You may have already read about YALSA’s IMLS funded project, “Future Ready with the Library.” It’s focus is on helping library staff in small, rural, and tribal libraries to support the college and career readiness of middle school students. That’s right, middle school students. Some people I talk with wonder, why start at that young age? Isn’t that too young? These are teens who are as much as 7 years away from graduating high school, why make them think that far in advance?
Those are all good questions and it’s understandable why they get asked. The thing is that what we do in libraries to support middle school student (and beyond) passions and interests, really helps them to think about pathways to college and career success, even if it’s not overtly presented that way. For example:
- Activities that integrate youth voice in design and implementation help students of any age, including middle school students, gain critical thinking and problem solving skills along with collaboration, communication, and creation. These are all skills they will need forever – in high school, in college, and in the workplace.
- When we give teens the chance to be mentored by others, for example an engineer volunteers as a part of a program the library sponsors, and through that volunteering middle schoolers get to talk with the engineer about the work they do, how they got to do what they do, and so on. That helps the young teens to think about, “would I want to do this?” Or, “What would I have to do to work in that field?”
- Looking at what industries are in the community and then giving teens the chance to learn the skills embedded in one or more of those specific industries. When thinking about this I’m reminded of the webinar YALSA sponsored in July with Salvador Avila. One of the things Salvador talked about was that in his community, Las Vegas, a primary industry is entertainment. By giving teens the chance to learn DJing skills, a popular program the library sponsors, he’s connecting them to a local industry in which they might ultimately work. The learning doesn’t just happen with equipment at the library, the teens go out into the community and learn about DJing as a career and even perform at different events. What a great pathway to a career.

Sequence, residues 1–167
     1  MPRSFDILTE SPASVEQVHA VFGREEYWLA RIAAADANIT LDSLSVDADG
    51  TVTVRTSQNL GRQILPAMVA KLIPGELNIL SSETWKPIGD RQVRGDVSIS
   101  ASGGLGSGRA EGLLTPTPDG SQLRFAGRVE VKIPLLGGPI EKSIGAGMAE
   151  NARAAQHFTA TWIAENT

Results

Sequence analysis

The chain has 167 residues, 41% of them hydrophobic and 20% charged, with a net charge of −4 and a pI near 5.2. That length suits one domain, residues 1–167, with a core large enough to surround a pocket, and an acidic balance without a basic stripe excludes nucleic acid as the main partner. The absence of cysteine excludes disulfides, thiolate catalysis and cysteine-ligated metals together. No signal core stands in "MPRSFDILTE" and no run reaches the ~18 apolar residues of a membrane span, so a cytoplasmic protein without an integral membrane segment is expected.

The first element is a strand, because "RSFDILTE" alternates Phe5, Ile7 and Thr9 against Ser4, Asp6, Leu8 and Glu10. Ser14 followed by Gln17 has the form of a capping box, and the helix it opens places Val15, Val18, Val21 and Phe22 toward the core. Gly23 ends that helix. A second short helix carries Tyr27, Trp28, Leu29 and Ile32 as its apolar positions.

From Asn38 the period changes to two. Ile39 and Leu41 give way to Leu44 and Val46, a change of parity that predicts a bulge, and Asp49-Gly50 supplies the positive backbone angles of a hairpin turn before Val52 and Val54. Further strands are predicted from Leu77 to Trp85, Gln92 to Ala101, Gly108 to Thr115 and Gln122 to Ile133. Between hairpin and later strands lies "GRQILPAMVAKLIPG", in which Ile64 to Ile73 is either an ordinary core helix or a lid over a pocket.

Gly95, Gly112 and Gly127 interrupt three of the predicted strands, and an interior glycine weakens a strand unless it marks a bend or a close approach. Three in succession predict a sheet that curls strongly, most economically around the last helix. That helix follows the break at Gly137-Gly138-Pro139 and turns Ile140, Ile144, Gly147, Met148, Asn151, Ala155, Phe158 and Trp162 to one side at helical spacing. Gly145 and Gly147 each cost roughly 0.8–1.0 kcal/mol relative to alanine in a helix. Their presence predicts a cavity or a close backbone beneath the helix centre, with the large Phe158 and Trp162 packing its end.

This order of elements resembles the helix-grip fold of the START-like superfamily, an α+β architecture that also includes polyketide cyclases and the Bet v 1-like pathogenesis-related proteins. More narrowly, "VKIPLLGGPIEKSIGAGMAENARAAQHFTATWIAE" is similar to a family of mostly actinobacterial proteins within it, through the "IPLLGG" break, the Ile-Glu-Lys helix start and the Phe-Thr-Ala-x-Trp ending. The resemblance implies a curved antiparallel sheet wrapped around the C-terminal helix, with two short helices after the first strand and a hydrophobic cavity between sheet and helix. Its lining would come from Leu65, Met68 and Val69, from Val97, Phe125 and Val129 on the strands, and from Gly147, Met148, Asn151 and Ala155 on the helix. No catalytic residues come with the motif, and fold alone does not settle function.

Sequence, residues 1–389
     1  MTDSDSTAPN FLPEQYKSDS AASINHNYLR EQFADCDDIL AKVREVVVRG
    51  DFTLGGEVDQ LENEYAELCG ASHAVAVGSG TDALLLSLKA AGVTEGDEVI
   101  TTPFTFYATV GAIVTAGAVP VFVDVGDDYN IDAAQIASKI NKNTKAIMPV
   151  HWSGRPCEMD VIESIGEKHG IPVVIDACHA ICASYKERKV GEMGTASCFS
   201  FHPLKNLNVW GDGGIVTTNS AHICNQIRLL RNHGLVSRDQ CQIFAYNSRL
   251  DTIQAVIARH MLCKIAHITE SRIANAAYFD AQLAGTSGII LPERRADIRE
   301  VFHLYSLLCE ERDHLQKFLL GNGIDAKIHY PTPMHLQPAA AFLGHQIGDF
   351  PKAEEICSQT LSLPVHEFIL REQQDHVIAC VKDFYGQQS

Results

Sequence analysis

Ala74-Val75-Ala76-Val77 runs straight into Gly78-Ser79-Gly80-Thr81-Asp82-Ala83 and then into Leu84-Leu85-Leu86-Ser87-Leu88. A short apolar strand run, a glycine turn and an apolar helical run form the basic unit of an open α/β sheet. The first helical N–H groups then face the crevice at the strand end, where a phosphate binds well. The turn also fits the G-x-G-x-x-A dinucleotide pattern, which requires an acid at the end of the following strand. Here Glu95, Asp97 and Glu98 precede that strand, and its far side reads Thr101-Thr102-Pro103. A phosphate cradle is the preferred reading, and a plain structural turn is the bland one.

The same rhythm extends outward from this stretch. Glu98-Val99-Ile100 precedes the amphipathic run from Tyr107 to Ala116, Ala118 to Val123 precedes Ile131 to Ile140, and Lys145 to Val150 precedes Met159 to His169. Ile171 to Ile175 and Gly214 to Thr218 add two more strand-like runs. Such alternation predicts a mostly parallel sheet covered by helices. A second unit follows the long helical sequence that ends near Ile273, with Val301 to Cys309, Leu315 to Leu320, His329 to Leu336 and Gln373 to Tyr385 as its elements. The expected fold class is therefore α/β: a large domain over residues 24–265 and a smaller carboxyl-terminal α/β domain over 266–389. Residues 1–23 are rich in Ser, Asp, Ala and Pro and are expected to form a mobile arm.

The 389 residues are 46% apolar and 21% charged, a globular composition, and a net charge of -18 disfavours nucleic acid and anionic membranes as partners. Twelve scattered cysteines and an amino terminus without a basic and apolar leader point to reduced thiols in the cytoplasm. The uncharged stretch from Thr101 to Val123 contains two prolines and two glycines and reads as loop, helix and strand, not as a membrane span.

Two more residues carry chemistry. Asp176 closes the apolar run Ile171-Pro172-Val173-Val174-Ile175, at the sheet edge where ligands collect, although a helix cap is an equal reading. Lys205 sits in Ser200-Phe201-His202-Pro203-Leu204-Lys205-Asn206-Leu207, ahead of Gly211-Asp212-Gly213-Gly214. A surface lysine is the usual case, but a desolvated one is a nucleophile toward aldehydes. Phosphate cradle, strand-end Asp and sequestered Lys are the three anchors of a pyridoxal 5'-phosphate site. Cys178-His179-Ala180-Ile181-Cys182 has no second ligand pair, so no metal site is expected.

- Learning what middle school student’s passions and interests are and then giving them the chance to learn about the pathways they might take in order to pursue that into adulthood. Libraries have for years provided afterschool opportunities to gain creative writing skills and learn from authors what life is like as an author. But, what about other areas that teens are interested in? I would bet, that almost anything teens in your community have a passion or interest in, you (and the teens) could connect with experts in that profession and have those experts work with teens on meaningful afterschool activities that highlight what working in that area really encompasses and requires.
These are just a few ideas. As you think about how you are going to help teens in your community succeed in life, don’t forget that there are lots of activities beyond SAT and ACT prep and how to complete FAFSA forms that will help prepare even middle school students for life after high school. These activities don’t have to include specific stated connections to college or career. They can simply be opportunities to gain skills, see what life is like for people who have taken a variety of different career paths, and to muse about what their own futures could look like. I bet if you put your mind to it, you’ll see that there are some things you are already doing that fit this focus and many community partners that you can work with to move these ideas forward.